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The game is a masterpiece ... perhaps even on par with Up Front (did I just say that?). The difficulty comes from the non-similarity to any other wargame (again, like Up Front), and (currently) incoherent and poorly organized rules. And sometimes a few things actually not exactly covered in the rules. The actual gameplay, once grokked, is actually quite simple and makes perfect sense if you assume the role of the company commander you're supposed to be.

The new version of the rulebook you'll get (and should also be posted online for previous owners) will have yet another rewrite and I've said that if it's as much an improvement as 1 -> 2.1 was, and it seems to be shaping up that way, then we'll all be fine.

I have an nicely marked up PDF of the v2.1 living rules that I use with certain critical things highlighted and a few notes added, if you wanted me to pass that along. GM me.
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Anders Young
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I'll second what others have said and say that FoF, once you've learned the game and have some perspective on it, really isn't that complicated. Once you've gotten used it, it's really pretty intuitive, with only a handful of basic mechanics that are fairly straight forward and logical. In my experience, upon finally figuring out what should happen in an instance that stumped me, the answer usually involved the rules making happen what seemed most reasonable at the time. Have a German HMG team and can't figure out where it should go or what it should do? Just do what seems logically; it's probably what the rules would have you do anyway. And in extreme cases of not knowing what should happen, just determine it randomly (within reason, of course) the game's built-in random number generator is a great resource.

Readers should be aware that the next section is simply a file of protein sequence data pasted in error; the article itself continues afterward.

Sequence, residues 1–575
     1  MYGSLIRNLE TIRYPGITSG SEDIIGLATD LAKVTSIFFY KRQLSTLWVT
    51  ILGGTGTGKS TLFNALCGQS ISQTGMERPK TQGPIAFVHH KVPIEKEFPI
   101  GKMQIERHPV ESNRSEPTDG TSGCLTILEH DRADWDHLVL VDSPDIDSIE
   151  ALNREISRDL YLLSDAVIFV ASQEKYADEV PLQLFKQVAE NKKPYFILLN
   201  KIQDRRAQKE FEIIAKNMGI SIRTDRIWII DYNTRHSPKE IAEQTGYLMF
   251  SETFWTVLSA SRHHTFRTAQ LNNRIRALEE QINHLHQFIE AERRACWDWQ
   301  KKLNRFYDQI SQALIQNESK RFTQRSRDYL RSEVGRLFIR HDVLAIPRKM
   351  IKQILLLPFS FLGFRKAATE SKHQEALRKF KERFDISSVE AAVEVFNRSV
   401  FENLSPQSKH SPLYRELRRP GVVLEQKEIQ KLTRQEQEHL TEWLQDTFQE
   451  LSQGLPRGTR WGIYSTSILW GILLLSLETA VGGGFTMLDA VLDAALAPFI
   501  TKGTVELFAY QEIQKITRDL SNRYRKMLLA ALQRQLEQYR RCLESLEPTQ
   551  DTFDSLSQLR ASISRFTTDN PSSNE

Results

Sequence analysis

As you go on, you'll figure it out. In my experience, the only that is really important to get right is the order of the various phases. I had some of them wrong for a while (particularly when you draw for potential contacts) and it made a significant difference in the flow of the game.

The main barrier to entry is that when you do have a question--which will be often at first, because the game,despite being fairly simple, is quite robust--the answer is either buried in some obscure corner of the rulebook, poorly worded or non-existent.

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Bryan Watson
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kenosha_kid wrote:

Let's put it this way: I broke out Mage Knight after about a year of not playing it, and was back up to speed in about a half hour after scanning through the rules again.

I tried the same with FoF, but it just didn't come back the same way. I basically had to re-learn the game from scratch.

Interesting. My experience with Mage Knight was very much the same as yours. Played and learned it last year, it sat on the shelf for 8-9 months, pulled it back out and had very little difficulty getting back into it.

Thanks for the perspective. I've gone through the rules and started watching some of the gameplay videos to get a feel for Fields of Fire as time presents itself.
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Bryan Watson
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DaveyJJ wrote:
The game is a masterpiece ... perhaps even on par with Up Front (did I just say that?).

I have an nicely marked up PDF of the v2.1 living rules that I use with certain critical things highlighted and a few notes added, if you wanted me to pass that along. GM me.


Funny enough, I wanted to back Up front on Kickstarter, but my real opportunities to play war games are only solitaire due to the fact that life is conspiring to force me into other activities during normal hours. My plan was to "just buy Up Front at retail when it comes out". Guess that worked out OK for me personally, but I'd still like the game produced.